Wednesday, March 18, 2015

Heath Ledger: The Amazing Journey Through the Life of a Young Creative Actor

“He had too much energy.  His mind was turning, turning, turning – always turning,” Heath Ledger’s fiancé, Michelle Williams, explained less than two months after the actor’s death.  Throughout Heath Ledger’s acting career, many people who worked beside him on films noted his passion for his craft and his constant need to improve upon his performance as an actor.  Christopher Nolan, who worked with Heath Ledger in Ledger’s iconic role as the Joker in the film The Dark Knight, noted in several interviews that Ledger’s strong desire to immerse himself in the role of the Joker came before a script had even been written for the film.  In the same way, Ledger showed a strong fascination and passion toward the filmmaking process.  Ledger himself even described his immersion into the Joker’s character to Empire Magazine in 2007 saying, “I sat around in a hotel room in London for about a month, locked myself away, formed a little diary and experimented with voices and laugh.  I ended up landing more in the realm of a psychopath – someone with very little to no conscience towards his acts.”  He even went as far as doing his own makeup for the role and choosing the Joker’s attire.

This extensive immersion into the role of the Joker and the creative process of Ledger to create the persona of the Joker aligns itself with Mary Ann Collins and Teresa Amabile’s article, Motivation and Creativity, where they state, “creativity must occur in a context of self-evaluation rather than being driven by a concern with being evaluated by others,” and “creativity is motivated by the enjoyment and satisfaction that a person derives from engaging in the creative activity.”  However, Ledger’s passions for acting and his criticism of his work were not isolated to his role as the Joker, but were evident throughout his acting career.  Ledger was constantly taking dissimilar roles in films from 10 Things I Hate About You to A Knight’s Tale to Brokeback Mountain and The Dark Knight.  When asked why he does this he stated, “I feel like I’m wasting my time if I repeat myself.  I can’t say I was proud of my work.  I feel the same way about everything I do.  The day I say, ‘It’s good’ is the day I should start doing something else.”

In addition to the factors that motivated Ledger to constantly improve upon himself by driving his creativity, Ledger’s also possessed the “creative personality” that Mihaly Csikszentmihalyi theorized in his article, The Creative Personality.  Csikszentmihalyi described a “complex personality” that “[involved] the ability to move from one extreme to the other as the occasion requires,” as being conducive to enhancing creativity.  Csikzentmihalyi provides ten dimensions of this complex personality that embody the characteristics of individuals with superior creativity, some of which are very relevant to Ledger’s personality.  One being “creative boys are more sensitive and less aggressive than their male peers.”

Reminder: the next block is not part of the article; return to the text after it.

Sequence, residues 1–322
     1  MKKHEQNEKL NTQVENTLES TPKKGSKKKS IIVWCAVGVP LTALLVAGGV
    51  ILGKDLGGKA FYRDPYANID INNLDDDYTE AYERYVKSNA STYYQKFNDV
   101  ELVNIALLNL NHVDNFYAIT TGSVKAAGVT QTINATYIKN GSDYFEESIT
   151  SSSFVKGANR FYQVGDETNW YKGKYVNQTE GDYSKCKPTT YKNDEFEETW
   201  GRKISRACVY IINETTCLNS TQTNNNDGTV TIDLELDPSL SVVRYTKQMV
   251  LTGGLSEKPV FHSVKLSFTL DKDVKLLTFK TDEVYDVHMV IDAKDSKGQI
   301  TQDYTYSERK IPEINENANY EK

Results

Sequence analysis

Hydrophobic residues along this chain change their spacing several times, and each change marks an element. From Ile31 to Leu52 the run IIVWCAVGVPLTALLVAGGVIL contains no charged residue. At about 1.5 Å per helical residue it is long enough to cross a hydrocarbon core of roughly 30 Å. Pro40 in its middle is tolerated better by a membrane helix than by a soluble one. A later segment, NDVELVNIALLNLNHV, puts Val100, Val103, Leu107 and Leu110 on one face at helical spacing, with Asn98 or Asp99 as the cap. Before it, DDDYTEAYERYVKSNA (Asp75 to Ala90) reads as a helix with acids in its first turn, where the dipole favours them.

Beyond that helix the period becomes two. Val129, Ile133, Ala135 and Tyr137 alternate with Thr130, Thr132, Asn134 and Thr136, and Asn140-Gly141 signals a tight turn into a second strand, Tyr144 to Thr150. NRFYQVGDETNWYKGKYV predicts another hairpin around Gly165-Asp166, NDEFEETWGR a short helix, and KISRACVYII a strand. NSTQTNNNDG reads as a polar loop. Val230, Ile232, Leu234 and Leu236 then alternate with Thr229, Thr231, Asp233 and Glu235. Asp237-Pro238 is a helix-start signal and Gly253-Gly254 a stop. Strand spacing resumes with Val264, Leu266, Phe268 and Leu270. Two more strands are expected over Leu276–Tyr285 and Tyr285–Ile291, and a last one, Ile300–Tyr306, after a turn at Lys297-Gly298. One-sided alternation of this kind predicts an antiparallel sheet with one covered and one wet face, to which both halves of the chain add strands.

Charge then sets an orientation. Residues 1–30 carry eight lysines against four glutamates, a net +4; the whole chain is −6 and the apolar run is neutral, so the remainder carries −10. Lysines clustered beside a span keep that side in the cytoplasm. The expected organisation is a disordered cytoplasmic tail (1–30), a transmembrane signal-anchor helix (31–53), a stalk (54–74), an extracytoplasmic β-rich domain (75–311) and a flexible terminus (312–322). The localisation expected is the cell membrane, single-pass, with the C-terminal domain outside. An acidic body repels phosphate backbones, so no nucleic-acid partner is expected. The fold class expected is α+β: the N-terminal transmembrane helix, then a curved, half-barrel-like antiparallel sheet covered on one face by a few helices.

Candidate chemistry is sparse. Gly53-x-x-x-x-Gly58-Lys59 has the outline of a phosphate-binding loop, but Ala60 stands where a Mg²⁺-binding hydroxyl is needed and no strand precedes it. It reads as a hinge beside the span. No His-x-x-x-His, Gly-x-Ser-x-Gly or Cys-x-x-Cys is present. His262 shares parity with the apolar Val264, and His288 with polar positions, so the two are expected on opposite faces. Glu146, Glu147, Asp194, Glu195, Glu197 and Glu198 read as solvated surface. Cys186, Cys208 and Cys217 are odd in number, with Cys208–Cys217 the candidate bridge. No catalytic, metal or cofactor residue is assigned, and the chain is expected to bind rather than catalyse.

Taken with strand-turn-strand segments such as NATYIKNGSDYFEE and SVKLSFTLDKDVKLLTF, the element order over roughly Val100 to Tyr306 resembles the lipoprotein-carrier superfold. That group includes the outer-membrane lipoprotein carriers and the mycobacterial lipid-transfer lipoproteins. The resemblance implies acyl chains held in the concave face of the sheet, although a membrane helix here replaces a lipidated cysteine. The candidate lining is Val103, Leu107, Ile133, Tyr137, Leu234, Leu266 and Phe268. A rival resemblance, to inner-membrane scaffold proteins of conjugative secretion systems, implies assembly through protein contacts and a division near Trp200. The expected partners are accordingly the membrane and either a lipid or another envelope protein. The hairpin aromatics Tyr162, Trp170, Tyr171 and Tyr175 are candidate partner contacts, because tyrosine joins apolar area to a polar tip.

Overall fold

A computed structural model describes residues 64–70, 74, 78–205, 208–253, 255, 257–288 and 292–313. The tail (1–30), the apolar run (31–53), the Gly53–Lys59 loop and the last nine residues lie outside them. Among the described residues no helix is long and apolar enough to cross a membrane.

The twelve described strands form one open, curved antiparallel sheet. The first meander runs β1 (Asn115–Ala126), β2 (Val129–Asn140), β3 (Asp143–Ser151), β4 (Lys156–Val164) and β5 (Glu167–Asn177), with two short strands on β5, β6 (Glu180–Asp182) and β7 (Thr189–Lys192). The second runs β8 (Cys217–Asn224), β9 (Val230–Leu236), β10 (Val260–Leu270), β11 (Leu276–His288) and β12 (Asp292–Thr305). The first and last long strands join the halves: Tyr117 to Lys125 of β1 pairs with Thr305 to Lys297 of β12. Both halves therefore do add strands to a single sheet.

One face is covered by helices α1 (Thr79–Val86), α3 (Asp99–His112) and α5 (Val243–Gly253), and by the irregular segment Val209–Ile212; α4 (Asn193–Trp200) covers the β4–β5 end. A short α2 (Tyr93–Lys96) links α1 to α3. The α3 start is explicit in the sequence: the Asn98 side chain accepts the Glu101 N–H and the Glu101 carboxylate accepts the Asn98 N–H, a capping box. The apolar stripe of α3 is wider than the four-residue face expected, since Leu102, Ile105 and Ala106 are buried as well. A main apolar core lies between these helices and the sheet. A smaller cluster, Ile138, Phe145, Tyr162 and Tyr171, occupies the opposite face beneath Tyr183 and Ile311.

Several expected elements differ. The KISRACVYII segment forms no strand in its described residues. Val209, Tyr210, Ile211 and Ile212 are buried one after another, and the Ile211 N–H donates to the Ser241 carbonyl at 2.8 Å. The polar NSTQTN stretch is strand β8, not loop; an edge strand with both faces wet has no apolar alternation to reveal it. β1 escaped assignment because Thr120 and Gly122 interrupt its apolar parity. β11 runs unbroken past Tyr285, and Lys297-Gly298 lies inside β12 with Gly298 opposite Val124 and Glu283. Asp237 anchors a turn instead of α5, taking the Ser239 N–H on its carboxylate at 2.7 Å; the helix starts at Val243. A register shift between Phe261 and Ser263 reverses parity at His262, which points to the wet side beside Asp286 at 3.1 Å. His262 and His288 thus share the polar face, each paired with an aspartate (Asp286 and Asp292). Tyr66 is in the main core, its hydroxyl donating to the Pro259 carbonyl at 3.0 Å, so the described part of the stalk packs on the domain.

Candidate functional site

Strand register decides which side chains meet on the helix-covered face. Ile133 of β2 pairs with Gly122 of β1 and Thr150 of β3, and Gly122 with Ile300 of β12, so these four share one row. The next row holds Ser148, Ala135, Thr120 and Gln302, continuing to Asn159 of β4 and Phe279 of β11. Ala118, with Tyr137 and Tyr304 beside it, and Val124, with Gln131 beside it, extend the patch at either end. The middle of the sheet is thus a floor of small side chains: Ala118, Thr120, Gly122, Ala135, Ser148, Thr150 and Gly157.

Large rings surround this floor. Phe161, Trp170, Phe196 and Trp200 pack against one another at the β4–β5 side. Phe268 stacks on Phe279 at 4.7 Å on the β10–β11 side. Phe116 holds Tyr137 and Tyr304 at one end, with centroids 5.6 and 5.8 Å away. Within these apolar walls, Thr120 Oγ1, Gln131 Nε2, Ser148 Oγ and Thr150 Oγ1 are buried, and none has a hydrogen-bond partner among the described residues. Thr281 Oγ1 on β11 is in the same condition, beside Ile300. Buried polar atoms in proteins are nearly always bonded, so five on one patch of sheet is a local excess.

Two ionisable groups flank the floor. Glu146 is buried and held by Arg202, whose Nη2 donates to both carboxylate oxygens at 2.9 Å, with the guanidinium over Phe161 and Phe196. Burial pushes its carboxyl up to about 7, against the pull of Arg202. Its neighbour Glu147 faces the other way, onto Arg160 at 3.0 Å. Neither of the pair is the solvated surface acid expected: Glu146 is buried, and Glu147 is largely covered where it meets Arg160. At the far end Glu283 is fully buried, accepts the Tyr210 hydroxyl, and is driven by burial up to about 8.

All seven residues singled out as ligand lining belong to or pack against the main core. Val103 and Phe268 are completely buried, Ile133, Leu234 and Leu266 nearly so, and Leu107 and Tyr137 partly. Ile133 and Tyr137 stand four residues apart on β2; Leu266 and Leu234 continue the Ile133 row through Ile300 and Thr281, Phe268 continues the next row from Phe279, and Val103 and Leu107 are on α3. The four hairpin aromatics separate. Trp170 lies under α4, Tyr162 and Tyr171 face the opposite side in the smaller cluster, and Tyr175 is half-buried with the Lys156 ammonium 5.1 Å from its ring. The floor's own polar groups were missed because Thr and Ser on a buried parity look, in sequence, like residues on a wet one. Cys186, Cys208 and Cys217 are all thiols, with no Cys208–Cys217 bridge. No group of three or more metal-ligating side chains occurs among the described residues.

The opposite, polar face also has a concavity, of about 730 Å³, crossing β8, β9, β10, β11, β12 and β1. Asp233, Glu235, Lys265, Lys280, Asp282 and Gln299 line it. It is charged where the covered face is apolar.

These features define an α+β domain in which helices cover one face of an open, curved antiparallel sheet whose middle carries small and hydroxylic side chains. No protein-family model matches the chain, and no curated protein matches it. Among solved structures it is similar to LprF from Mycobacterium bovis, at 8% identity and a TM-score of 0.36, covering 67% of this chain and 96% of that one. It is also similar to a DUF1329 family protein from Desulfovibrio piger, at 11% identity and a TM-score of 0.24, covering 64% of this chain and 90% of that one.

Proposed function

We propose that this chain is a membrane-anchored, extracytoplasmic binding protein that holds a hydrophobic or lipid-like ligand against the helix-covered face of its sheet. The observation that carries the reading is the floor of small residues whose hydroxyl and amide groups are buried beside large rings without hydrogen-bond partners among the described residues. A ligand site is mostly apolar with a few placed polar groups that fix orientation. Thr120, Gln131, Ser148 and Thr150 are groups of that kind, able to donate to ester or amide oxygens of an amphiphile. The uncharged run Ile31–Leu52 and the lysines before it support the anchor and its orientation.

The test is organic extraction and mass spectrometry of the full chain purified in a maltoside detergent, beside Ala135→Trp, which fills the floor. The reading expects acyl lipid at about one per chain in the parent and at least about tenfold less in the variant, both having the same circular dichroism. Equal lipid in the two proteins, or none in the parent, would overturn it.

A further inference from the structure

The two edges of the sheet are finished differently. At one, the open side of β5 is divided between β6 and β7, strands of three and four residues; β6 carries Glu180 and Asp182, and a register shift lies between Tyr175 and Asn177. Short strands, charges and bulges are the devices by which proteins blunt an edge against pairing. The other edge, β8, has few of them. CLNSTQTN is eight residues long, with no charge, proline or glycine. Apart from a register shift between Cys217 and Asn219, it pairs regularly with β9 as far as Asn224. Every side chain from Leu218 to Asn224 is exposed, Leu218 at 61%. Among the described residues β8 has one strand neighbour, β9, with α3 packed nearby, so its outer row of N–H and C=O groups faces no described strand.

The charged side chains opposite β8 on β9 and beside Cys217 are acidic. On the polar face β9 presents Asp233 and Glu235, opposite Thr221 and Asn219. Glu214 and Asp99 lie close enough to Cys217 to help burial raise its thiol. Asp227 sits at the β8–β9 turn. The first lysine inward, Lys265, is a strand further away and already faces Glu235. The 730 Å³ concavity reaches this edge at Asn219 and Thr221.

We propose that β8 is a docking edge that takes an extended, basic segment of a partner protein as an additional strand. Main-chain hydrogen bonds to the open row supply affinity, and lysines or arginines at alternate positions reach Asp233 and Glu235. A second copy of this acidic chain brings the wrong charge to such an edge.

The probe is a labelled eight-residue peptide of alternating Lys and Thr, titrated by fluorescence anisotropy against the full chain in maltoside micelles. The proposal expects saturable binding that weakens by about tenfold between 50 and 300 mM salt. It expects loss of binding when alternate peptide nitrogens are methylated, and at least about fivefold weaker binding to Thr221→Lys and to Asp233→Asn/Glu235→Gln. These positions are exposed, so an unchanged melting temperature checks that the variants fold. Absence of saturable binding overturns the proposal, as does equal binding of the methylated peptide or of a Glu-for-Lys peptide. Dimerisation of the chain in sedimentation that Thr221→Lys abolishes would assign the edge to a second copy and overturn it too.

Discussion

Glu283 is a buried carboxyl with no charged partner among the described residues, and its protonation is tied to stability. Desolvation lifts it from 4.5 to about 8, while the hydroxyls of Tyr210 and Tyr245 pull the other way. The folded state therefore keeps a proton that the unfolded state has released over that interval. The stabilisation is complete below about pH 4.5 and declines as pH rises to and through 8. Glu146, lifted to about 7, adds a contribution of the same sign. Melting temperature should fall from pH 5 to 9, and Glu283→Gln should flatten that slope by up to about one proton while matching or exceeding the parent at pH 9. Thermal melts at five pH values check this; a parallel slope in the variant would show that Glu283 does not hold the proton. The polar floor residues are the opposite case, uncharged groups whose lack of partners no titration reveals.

Being the only boy sibling in his family (he had one older sister, Kate, and two younger half-sisters, Ashleigh and Olivia) may have contributed to Ledger’s ability to be very masculine on film but also being “ vulnerable,” as Williams described, as well.  Williams stated, “ You can pick it up in his performances, but it’s easy to overlook because he was so physical and beautiful and strong and masculine. But there was always that underlying sensitivity.”  Ledger’s ability to be on both extremes of this spectrum perfectly embodies the creative personality that Csikzentmihalyi presented.

Another dimension is the ability to feel “suffering and pain yet also a great deal of enjoyment.”  Watching many interviews with Heath Ledger online when he’s discussing his roles in certain movies or just working with certain individuals in the industry (Christopher Nolan for example), you can tell in his words and body language that he absolutely loves what he does.  However, at the same time, his high physical energy and passion for his craft also caused him a great deal of pain in being unable to sleep.  When preparing for his role as the Joker, this inability to sleep became worse, and he described his experience as, “ Last week I slept an average of two hours a night.  I couldn’t stop thinking.  My body was exhausted, and my mind was still going.”

Unfortunately, this suffering and pain ultimately led to Ledger’s tragic death that cut short the life of a young, promising actor.  On the afternoon of January 22, 2008, Heath Ledger was found dead in his loft apartment in Manhattan.  The cause of death was acute intoxication due to a lethal combination of pain medication and sleep medication.  Many people speculated after his death that he couldn’t sleep because he was too immersed in the Joker role and it drove him insane as well as many similar theories, but all of those are misguided theories.  Heath Ledger was not being driven insane by the demons of the Joker, he was not going insane because of the role, and he simply couldn’t sleep.  It’s so sad to think that the world lost such an amazing, young, creative, passionate actor because his mind couldn’t shut off.  He couldn’t stop creating.  He. Just. Needed. Sleep.

RIP Heath Ledger.
Collins, Mary Ann and Teresa Amabile. "Motivation and Creativity."
Csikzentmihalyi, Mihalyi.  "The Creative Personality."

1 comment:

  1. He is totally unrecognizable in "Lords of Dogtown" it is amazing. I sometimes wonder if actors are not so much creative like directors and writers are; but instead people with a talented ability - much like athletes. This post certainly supports them as creatives in their own right.


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